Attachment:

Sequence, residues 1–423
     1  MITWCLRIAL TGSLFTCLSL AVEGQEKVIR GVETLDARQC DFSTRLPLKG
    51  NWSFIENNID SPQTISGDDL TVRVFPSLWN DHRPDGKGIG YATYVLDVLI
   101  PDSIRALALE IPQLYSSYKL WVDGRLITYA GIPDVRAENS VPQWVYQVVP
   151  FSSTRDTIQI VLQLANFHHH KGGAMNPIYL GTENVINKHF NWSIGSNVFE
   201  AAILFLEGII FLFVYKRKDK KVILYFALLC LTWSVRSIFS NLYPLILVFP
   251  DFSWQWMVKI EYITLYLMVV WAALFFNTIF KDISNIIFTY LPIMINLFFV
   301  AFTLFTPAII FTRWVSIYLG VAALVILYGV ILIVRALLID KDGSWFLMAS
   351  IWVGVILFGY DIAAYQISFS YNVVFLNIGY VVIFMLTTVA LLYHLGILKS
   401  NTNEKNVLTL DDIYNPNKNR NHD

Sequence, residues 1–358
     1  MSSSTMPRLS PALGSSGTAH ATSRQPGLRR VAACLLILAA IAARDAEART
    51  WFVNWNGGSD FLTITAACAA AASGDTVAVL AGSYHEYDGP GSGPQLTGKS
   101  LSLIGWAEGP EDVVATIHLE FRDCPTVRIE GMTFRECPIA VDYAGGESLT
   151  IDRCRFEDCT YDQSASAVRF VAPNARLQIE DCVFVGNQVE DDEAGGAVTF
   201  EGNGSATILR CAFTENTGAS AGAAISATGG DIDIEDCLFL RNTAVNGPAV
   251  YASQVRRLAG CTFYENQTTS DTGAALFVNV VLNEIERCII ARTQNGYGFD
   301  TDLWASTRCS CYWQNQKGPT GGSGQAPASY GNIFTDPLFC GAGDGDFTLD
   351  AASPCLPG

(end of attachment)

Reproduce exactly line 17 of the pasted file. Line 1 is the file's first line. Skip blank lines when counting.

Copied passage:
   251  YASQVRRLAG CTFYENQTTS DTGAALFVNV VLNEIERCII ARTQNGYGFD